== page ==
a tad more on OR-numbrals
Jens Voss
jens.voss at poet.de
Wed Jan 2 10:08:17 CET 2002
Jens Voss wrote:
>
> [...]
>
> On the other hand,
> the OR-numbral system appears to be the only one in which there
> is no unique factorization, so as one consequence of that we have
> to have to distinguish between "irreducible" and "prime" elements:
>
> [5] for example is irreducible (since it is not a product of two
> factors different from [1]), but not prime since it neither divides
> [3] nor [11] but their product [3] * [11] = [31] = [5] * [7].
In fact, it is not hard to see that [2] is the only OR-numbral
prime number. The proof consists of six steps the first four of
which should be proved as exercises.
We define a number to be _odd_ if its rightmost bit is set;
otherwise we call it _even_.
Recall that a number is defined to be _prime_ if whenever it divides
a product, it must also divide (at least) one of the factors.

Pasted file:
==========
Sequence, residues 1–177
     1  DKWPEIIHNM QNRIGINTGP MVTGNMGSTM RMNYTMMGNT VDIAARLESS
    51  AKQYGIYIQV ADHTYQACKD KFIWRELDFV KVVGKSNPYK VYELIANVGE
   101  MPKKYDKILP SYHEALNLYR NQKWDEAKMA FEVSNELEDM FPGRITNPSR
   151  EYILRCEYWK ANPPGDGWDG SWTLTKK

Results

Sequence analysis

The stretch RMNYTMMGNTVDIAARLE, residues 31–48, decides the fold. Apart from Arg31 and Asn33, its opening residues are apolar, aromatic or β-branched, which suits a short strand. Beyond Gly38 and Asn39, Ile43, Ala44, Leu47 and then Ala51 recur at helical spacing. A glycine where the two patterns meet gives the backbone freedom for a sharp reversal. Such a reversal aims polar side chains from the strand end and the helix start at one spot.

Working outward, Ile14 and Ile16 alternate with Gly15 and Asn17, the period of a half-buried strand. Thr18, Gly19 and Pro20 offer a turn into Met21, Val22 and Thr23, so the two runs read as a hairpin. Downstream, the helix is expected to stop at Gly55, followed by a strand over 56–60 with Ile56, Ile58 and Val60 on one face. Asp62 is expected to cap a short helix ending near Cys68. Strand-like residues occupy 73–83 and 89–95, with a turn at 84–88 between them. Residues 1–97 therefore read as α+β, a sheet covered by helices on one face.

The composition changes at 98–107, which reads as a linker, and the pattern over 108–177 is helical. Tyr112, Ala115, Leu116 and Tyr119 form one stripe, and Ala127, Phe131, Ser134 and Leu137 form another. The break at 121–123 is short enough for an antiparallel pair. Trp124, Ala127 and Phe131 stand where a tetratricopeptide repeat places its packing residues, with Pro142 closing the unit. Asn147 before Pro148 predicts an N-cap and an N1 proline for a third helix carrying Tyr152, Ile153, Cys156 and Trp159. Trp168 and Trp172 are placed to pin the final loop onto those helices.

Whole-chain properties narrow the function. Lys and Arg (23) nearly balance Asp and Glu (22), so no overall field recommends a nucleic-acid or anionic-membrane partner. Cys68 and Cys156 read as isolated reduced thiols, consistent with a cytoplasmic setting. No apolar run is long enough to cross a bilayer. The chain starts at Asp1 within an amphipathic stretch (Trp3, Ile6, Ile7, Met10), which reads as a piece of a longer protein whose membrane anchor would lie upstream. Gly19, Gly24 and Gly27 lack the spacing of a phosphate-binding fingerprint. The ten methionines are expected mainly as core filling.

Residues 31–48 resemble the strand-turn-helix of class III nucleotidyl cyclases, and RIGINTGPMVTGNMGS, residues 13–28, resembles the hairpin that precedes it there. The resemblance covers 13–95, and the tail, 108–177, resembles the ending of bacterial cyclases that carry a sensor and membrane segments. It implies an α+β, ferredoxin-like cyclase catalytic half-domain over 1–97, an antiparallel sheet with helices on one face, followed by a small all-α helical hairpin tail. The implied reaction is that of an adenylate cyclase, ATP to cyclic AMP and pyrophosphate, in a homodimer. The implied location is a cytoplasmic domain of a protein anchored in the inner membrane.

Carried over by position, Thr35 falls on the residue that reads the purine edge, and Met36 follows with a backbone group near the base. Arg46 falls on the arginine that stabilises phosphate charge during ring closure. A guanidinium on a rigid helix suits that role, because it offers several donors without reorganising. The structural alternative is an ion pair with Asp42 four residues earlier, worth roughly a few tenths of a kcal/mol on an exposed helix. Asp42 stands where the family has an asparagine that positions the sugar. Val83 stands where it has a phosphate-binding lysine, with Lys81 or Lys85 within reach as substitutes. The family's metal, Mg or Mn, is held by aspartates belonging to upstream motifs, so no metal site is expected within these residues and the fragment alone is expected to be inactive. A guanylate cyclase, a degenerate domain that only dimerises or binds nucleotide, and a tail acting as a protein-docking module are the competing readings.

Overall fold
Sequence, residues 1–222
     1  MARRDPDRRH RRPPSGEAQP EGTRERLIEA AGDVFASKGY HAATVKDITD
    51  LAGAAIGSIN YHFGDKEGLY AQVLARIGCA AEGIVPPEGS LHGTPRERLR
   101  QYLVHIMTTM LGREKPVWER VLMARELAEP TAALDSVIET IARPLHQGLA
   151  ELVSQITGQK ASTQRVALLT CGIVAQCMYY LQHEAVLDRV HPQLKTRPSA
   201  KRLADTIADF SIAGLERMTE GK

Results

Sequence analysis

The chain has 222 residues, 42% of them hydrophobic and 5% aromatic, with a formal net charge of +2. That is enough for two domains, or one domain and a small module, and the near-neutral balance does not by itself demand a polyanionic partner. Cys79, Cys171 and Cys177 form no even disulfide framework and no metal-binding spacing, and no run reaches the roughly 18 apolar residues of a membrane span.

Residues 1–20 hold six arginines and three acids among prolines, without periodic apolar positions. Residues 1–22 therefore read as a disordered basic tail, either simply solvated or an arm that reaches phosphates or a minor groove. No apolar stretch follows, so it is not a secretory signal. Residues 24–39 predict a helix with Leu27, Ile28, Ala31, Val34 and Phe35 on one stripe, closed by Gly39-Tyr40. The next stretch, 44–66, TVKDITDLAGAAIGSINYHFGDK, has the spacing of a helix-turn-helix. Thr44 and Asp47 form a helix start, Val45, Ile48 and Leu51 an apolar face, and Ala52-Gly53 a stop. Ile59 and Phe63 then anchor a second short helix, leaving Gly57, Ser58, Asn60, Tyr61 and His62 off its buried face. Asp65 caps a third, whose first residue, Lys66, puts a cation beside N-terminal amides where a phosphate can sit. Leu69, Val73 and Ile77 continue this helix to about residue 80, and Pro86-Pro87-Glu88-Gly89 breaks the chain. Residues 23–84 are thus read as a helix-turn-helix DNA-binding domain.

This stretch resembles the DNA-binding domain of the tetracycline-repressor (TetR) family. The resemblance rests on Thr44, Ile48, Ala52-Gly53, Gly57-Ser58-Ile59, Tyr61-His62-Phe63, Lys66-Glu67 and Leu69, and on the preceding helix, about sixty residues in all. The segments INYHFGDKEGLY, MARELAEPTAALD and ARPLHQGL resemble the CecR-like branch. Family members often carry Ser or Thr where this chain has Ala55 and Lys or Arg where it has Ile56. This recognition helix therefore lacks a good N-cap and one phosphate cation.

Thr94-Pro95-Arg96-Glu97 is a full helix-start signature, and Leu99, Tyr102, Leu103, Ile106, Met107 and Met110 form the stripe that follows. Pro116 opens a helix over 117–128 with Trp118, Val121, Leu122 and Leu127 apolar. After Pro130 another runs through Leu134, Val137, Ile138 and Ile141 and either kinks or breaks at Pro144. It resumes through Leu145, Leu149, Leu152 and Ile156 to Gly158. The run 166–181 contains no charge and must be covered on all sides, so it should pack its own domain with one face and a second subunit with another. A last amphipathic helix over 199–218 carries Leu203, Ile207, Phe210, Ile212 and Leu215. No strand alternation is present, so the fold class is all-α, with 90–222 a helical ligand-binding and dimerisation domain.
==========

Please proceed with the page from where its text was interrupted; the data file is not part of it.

(1) A product of two numbers is even if and only if at least one
factor is even.
(2) A number is divisible by [2] if and only if it is even.
(3) [2] is a prime.
(4) For any odd number [x] there exists a number [y] such that
[x] * [y] = [2^k - 1] for some k.
(5) [3] is not a prime.
Proof: [3] * [165] = [5] * [107] and neither [5] nor [107] are
divisible by [3].
(6) No odd number is prime.
Proof: Let [x] be an odd number. By (5) we may assume that
x is greater or equal to 5. By (4), there exists a number k
such that [x] divides [2^k - 1], so we can choose k minimal
with that property. Note that k > 1 by the choice of [x].
On the other hand, [2^k - 1] = [2^(k-1) - 1] * [3], so by
the minimal choice of k and the choice of [x], neither
factor is divisible by [x] and thus [x] is not a prime. q.e.d.
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